By Jolene Darensbourg
DAVIS – A virtual event, titled Reimagining Medicine: Breakthroughs in Imaging, was held by UC Davis on Monday night to unravel all the innovative advances that the university is progressing into, such as the improvements of creating a total-body PET scanner and developing new imaging ideologies for both animals and humans to step into the future of imaging in medicine.
UC Davis researchers are in the process of developing game changers in medical diagnostics with 3-D imagery for total body PET scanners for both humans and animals, which can identify life-threatening diseases, such as cancer, earlier than ever.
At the Imaging Research Center, researchers use brain imaging to investigate the new mechanisms underlying human attention, memory and the pathological processes in clinical disorders that affect cognitive brain systems, focusing on the pathophysiology of disturbances on mental disorders such as schizophrenia, bipolar disorder and obsessive-compulsive disorder.
This imagery is also used to understand the disruption in brain developments that follow exposures to risk factors of psychiatric illnesses and the effects of maternal viral hardships during pregnancy.
The overall goal of the research studies is to develop more effective therapies that can improve patients’ chances of recovery.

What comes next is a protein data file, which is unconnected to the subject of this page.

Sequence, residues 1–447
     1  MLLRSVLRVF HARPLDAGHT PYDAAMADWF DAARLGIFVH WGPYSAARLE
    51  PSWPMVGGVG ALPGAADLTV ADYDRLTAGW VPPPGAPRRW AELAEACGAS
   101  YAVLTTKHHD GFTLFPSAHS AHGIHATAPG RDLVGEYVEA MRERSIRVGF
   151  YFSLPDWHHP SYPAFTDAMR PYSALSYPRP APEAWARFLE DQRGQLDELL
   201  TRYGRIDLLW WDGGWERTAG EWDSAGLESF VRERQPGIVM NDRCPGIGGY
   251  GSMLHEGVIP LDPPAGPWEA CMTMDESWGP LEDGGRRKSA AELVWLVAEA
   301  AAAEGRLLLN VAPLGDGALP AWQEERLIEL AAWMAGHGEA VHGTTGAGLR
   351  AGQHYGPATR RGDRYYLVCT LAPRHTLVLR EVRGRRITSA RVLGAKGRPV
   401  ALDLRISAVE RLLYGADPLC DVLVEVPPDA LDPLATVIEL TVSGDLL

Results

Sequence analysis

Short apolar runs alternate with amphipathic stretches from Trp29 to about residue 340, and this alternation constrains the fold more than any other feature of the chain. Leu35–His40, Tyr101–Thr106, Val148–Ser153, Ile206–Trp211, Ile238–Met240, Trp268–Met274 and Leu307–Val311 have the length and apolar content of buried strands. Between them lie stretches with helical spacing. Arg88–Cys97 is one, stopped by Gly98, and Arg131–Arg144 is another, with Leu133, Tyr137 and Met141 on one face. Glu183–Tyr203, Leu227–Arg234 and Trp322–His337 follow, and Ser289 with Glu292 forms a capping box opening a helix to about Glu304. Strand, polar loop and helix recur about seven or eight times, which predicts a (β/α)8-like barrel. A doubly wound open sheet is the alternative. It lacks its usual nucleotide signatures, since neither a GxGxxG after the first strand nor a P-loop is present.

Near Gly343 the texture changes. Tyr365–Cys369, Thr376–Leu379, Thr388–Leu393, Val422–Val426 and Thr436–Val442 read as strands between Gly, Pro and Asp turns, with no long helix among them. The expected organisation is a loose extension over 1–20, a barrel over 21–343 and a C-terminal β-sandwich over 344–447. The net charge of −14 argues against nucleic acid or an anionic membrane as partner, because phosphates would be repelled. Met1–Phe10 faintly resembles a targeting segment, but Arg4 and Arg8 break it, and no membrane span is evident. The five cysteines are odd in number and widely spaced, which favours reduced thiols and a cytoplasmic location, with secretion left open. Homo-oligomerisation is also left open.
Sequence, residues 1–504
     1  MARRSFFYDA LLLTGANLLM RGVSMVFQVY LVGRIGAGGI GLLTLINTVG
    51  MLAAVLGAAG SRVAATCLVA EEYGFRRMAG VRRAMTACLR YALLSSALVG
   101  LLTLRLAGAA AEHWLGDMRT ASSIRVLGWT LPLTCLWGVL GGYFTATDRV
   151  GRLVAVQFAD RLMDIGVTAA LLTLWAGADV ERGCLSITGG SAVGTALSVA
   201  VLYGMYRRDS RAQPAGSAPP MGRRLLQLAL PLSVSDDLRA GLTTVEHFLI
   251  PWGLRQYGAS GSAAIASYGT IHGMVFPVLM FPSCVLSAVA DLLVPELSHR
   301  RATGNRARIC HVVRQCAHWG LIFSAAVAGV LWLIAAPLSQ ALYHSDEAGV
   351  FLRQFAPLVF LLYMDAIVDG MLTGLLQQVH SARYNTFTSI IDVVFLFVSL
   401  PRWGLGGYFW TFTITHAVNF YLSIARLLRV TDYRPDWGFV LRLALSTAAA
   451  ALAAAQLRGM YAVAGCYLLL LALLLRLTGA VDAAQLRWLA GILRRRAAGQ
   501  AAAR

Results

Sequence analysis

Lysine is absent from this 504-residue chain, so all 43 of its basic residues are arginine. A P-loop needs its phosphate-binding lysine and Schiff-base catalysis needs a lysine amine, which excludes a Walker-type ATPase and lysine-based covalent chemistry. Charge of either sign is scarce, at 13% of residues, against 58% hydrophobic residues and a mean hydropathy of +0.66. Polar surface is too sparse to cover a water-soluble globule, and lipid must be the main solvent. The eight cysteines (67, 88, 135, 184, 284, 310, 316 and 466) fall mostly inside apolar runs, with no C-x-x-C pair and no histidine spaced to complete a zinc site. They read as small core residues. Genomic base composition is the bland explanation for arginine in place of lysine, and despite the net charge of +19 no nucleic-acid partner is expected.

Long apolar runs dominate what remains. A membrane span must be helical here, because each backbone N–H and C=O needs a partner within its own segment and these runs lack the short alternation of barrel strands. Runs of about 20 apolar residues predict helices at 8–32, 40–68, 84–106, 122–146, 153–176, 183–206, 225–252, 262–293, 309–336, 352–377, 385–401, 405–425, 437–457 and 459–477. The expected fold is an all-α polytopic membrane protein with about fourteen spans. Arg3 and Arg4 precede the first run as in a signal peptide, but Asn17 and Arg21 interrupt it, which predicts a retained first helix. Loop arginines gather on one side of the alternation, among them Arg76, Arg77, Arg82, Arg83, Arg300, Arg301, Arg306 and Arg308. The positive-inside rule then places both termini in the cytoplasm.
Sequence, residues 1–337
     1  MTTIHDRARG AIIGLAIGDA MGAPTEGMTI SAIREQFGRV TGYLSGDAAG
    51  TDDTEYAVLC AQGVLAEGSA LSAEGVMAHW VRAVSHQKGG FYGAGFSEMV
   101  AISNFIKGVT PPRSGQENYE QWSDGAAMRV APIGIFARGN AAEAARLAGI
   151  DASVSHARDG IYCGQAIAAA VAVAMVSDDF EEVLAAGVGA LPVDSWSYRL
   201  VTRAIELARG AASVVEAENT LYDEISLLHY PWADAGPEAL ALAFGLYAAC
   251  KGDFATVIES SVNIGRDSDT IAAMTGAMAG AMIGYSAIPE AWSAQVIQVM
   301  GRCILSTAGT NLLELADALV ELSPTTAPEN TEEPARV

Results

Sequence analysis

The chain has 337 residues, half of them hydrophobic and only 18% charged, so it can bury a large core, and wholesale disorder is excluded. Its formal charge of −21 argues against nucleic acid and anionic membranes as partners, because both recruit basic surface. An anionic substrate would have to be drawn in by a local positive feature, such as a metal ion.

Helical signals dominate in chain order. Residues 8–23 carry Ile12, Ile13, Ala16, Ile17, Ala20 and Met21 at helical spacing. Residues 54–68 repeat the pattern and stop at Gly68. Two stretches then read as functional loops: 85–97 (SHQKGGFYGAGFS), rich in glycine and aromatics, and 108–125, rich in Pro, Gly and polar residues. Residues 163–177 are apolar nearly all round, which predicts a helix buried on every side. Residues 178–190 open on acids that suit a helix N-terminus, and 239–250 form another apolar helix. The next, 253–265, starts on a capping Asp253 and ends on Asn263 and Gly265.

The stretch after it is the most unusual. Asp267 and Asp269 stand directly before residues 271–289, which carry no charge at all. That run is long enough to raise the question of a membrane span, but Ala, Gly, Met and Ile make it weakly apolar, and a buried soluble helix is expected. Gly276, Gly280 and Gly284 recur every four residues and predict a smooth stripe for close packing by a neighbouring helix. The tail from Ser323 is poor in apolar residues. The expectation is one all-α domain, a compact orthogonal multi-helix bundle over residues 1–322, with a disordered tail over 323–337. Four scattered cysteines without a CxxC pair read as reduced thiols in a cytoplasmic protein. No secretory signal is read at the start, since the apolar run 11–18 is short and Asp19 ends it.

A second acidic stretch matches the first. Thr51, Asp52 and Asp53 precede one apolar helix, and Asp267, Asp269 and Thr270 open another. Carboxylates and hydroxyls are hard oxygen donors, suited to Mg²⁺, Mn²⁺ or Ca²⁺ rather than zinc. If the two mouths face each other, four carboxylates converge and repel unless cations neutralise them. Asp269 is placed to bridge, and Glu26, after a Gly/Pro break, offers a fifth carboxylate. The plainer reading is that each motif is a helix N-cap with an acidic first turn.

Dr. Simon Cherry, the co-director at the imaging center, delved into the innovations of PET scans and the study towards inventing a total-body PET scanner, which would be the first-ever imaging system that covers the entire body.
A traditional PET scanner only covers around 20-25 centimeters of the body, but Dr. Cherry and his colleagues questioned that if the sensors were extended to cover the entire body, then they could capture a lot more of the signal, creating total body imaging to collect much higher quality images and a reduction in the amount of radiation use.
The faculty is also researching new and sensitive detection technologies that can be used in the imaging systems, such as the computational research happening to find new ways to reconstruct images to correct patient motion, which can degrade the sharpness of the image.